Zombie Movies the Ultimate Guide

Zombie Movies the Ultimate Guide

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Includes: A chronological guide with reviews and synopses of every major zombie film Interviews with famous actors, filmmakers, and technicians Hundreds of rare stills, lobby cards, and posters and much more




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If you have any questions or comments, you may contact the author at [email protected] Library of Congress Cataloging-in-Publication Data Kay, Glenn. Zombie movies : the ultimate guide / Glenn Kay.—1st ed. p. cm. Includes bibliographical references and index. ISBN 978-1-55652-770-8 1. Zombie films—History and criticism. I. Title. PN1995.9.Z63K39 2008 791.43′675—dc22


Cover design: Jonathan Hahn Interior design: Scott Rattray Movie rating illustrations: Greg Hyland Cover image: © A.M.A. Film/Radiotelevisione Italiana © 2008 by Glenn Kay All rights reserved First edition Published by Chicago Review Press, Incorporated 814 North Franklin Street Chicago, Illinois 60610 ISBN 978-1-55652-770-8 Printed in the United States of America 5 4 3 2 1

Contents Foreword by Stuart Gordon

1 2 3

v | Acknowledgments


Origins 1 The 1930s: The Zombie Film’s Beginnings 5 The 1940s: Laughing at the Zombies . . . and an Early End? 13


The 1950s: The Drive-In, the Atom Bomb, and the Radioactive Zombie 23


The 1960s: The Weird, Wild Psychedelic Era and the Reinvention of the Zombie 35 Know Your Monsters!




| Introduction


The 1990s: The End of the Zombie—and a Resurrection in Video Games and on DVD 183 Interview: Tom Savini 189 Interview: Stuart Conran 197


The New Millennium: Japan Takes Center Stage, and the Big-Budget Zombie Arises 217 Interview: Colin Geddes 220 Interview: John Migliore 239 Interview: Jennifer Baxter 252 Adventures Undercover as a Zombie on Land of the Dead ! 256 Interview: Andrew Currie 269 Interview: Gaslight Studio 284 The Highest-Grossing Zombie Films of All Time 296


The 1970s: Spanish Zombies, Satire, and Blaxploitation 59 Some of the Weirdest/Funniest/Most Disturbing Things I’ve Seen in Zombie Films 81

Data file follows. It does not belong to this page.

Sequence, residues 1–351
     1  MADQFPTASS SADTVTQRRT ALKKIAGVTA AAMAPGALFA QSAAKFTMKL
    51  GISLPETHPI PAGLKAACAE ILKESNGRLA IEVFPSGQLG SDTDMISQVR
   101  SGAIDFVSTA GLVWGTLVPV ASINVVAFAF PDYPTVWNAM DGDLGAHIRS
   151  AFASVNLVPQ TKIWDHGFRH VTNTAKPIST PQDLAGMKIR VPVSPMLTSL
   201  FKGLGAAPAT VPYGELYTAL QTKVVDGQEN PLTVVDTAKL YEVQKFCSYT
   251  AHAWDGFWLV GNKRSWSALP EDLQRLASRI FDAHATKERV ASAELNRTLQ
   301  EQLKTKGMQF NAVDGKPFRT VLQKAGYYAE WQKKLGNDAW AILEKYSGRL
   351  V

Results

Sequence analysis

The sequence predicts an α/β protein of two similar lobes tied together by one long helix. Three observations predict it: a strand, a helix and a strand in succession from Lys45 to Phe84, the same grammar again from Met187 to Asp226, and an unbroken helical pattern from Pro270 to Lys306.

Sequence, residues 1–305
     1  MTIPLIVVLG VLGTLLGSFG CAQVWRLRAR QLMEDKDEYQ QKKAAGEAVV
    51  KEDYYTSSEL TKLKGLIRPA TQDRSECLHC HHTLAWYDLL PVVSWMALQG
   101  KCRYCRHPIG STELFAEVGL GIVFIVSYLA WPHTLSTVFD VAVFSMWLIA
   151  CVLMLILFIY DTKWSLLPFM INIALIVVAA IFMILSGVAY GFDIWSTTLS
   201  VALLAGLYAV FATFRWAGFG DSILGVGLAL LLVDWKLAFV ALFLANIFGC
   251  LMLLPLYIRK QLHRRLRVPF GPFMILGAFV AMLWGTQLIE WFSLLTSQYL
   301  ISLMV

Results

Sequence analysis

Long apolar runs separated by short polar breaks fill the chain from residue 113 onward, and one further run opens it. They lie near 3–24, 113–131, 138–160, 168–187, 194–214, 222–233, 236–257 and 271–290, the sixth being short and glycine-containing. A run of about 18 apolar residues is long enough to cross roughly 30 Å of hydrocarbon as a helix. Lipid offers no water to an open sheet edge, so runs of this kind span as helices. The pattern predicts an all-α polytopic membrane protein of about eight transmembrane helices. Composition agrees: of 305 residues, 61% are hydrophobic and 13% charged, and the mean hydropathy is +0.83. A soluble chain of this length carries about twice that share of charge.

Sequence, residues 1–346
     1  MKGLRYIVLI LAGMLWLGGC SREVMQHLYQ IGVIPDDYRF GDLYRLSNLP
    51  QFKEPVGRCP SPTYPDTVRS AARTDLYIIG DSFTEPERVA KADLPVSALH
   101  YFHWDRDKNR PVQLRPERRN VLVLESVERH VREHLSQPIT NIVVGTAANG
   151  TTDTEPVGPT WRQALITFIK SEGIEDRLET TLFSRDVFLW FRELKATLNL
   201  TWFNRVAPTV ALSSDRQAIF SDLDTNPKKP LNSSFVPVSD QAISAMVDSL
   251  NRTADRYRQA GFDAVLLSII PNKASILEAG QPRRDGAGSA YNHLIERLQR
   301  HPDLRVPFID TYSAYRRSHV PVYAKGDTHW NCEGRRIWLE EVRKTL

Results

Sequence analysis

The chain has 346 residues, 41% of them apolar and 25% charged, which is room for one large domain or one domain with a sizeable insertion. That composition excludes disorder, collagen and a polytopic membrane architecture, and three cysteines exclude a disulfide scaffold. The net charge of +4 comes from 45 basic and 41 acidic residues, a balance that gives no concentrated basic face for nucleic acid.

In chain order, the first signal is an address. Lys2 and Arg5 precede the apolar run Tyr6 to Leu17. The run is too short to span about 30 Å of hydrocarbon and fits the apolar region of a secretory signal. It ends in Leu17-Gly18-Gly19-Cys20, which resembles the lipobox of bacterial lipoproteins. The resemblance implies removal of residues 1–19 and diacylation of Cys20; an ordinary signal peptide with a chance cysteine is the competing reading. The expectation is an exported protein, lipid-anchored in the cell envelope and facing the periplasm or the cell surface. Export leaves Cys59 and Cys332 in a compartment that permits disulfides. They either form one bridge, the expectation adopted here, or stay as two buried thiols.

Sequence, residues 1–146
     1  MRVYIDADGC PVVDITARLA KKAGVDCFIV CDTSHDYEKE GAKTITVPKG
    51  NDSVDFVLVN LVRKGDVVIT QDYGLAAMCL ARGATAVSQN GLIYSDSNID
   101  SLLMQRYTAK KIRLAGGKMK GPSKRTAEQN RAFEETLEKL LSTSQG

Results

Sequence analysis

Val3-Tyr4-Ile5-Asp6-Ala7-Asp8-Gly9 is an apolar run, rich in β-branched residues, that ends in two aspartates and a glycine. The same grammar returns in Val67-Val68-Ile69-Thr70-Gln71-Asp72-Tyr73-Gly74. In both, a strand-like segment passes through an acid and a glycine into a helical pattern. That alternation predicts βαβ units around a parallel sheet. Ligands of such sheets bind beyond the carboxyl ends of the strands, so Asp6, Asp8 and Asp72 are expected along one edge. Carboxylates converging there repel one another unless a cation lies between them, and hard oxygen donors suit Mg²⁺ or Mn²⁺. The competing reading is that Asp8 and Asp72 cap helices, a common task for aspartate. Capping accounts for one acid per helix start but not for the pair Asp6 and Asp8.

10 Hope for the Future, or the Beginning of the End

The 1980s: Italy Reigns and the Horror Boom Explodes . . . and Fizzles 101


. . . Again? 299

The Greatest Zombie Films Ever Made 301

Interview: Antonella Fulci 115 Interview: Greg Nicotero 134 Appendix: Zombieless Zombie Movies 323 | Bibliography 333 Index of Film Titles 335 | Index of Directors 341


Some of my best friends are zombies.

chowing down on her father’s intestines. Now the film is shown uncut on television at three in the afternoon. Romero also conceived the idea that the zombie condition could spread like a virus, and that the only way to kill one would be to shoot it in the head. And in the hilarious The Return of the Living Dead (1985), Dan O’Bannon refined the zombie diet, specifying a preference for fresh brains. When I made Re-Animator (1985), I decided to move away from the slow-moving zombies of the past. Since Herbert West’s reanimating reagent was comparable to the adrenaline cardiologists use to restart hearts, I reasoned that it would stimulate his subjects’ brains like a super meth speedball, and so my zombies jumped around with wild abandon (usually naked). Danny Boyle recently went even further with this idea in his brilliant 28 Days Later (2002) by having his “infected” race after their prey like track stars. Mr. Boyle is partially responsible for the recent resurgence in zombie popularity, which focuses on the idea of zombies as a viral outbreak but often reframes the infection as a bioweaponry experiment gone horribly wrong. This trend ties in

I met my first one at an earl